Campaign To Persuade People Stop Eating Shark Fin Succeed, Conservationists Claim Victory

Campaign To Persuade People Stop Eating Shark Fin Succeed

So it’s encouraging that, within the last year, shark fin ingestion seems to have diminished. If a few Chinese government resources should be considered, the collapse has been up to 70 percent .

Conservationists and anti-shark fin campaigners are happy at the outcome, causing some to assert a “success” for conservation.

But can this fall in shark fin intake truly be credited to a prosperous customer awareness effort?

A “Success For Conservation”?

The promotion tended to emphasize that the cruelty involved with the custom of “finning”, and also the fall in numbers of bees worldwide.

Peter Knight, Executive Director of WildAid, among the primary NGOs supporting the anti-shark fin effort, asserts the decrease in consumption suggests the customer awareness efforts are functioning.

Consumption is based on ignorance instead of malice, he explained.

However, the motives behind this drop in consumption are somewhat more complex. In cooperation with colleagues in the Department of Sociology in Peking University, I researched consumer attitudes and behavior towards fish consumption in Beijing at 2012.

We concentrated on high-value, so “luxury” consumption of fish in banquets.

From those 20 restaurant representatives we interviewed, 19 marketed shark fin now or previously, and most of 19 restaurant representatives reported a substantial decrease in the use of shark fin.

All restaurant operators agreed that the ads using Yao Ming had raised awareness among customers.

However, while restaurant operators agreed that the ads had increased consciousness, they had been mixed in their views on how much influence it had on real consumption practices.

Some suggested, by way of instance, any decrease in shark fin intake, as a consequence of shark conservation attempts, may be limited to bigger cities like Beijing.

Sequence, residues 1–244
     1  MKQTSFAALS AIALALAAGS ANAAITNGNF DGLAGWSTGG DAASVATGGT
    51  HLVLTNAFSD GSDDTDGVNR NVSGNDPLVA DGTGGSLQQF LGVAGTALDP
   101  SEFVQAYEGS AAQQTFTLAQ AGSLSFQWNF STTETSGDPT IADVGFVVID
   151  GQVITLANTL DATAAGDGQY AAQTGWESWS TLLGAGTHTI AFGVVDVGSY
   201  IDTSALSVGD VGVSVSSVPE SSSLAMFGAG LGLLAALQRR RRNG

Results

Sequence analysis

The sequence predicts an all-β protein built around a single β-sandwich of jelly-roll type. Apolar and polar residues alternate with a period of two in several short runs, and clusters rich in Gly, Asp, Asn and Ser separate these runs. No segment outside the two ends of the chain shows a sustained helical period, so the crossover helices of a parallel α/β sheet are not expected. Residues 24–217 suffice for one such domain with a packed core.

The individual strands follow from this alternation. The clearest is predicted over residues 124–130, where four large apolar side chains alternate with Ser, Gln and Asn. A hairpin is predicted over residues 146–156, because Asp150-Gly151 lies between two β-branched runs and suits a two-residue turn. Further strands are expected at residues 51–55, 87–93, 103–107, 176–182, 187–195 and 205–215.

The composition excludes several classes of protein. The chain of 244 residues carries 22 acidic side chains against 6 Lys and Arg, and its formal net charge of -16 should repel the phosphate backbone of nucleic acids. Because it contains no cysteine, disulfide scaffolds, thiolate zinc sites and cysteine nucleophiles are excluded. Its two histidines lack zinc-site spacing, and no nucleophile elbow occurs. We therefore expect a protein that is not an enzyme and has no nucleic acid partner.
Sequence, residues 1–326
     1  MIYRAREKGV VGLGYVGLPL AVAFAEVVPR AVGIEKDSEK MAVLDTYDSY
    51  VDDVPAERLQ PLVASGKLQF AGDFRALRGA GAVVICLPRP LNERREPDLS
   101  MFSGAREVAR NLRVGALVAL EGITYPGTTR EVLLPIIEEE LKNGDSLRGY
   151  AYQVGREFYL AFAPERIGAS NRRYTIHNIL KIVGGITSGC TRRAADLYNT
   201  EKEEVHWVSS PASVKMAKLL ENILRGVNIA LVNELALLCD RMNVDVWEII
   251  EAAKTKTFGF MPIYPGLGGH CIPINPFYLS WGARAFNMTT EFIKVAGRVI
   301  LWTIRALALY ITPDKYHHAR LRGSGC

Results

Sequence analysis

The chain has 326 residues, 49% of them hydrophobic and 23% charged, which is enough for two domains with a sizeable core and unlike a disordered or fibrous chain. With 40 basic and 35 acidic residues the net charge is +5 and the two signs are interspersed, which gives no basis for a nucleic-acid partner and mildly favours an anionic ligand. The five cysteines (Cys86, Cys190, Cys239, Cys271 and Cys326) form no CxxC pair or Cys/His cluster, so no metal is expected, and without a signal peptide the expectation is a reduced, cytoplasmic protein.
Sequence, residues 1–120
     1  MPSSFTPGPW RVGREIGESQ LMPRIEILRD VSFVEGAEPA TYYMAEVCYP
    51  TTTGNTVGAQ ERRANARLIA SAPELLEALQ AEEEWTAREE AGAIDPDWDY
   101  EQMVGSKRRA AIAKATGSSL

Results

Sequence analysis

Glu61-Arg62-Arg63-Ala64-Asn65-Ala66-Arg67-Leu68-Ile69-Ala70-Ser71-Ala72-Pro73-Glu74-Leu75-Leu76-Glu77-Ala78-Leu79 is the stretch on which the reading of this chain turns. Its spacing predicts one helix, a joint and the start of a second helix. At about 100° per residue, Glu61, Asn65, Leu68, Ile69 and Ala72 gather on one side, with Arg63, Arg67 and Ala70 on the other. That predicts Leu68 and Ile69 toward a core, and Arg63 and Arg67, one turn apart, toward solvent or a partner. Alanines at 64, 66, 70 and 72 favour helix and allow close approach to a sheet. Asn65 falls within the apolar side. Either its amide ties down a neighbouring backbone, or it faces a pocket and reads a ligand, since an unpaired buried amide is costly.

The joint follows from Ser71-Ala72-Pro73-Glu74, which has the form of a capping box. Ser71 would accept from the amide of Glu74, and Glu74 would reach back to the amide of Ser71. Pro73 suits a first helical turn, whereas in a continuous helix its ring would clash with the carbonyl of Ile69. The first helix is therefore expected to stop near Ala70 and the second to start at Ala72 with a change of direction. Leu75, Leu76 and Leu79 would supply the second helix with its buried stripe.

And restaurateurs pointed to other aspects which, in their opinion, were significant in explaining the reduction in shark fin intake in Beijing restaurants.

The most-emphasized has been the abundance of shark fins in the marketplace. Since artificial shark fin is more common in restaurants customers do not expect purchasing it. Many restaurant operators we surveyed confessed this clinic and warranted its use on economical motives.

Others stated that shark fin has been seen as too processed and’d gone out of style.

More widely, our analysis indicated that the sustainability of shark populations wasn’t a significant concern among luxury seafood buyers. Rather, their personal wellbeing and the freshness of the meals were regarded as much more significant.

There are a wide array of high profile food security and food grade scandals in China in the last several decades. Chinese users often cite food security as a pressing issue.

Since we conducted our interviews in 2012, latest political developments in China regarding government behavior seem to have had significant consequences on the luxury fish marketplace, such as shark fin.

This type of crackdown seems to have had a significant effect on luxury fish restaurants along with other luxury sectors. In the last year, it’s this anti-corruption effort, over anything else, that is very likely to have had an effect on shark fin ingestion.

A Strategy For Customer Awareness Campaigns

Consumer awareness campaigns are very likely to last in China for species of wildlife in which Chinese consumption is an integral driver of decreasing populations.

Rather than focusing on ecological sustainability, they might do better to concentrate on problems that matter more to customers, such as private health and food security.

Endangered live reef food fish like the Napoleon wrasse, by way of instance, have a plethora of problems that campaigns may potentially concentrate on. Cyanide stays a frequent technique for catching fish. High amounts of antibiotics and tranquilisers will also be fed to them throughout their long travels into mainland China.

If consumers were aware of these health problems that they might be less prepared to consume fish.

Though this is 1 example of the way that food security and ecological sustainability problems converge, in some other situations these issues will probably be more challenging to incorporate.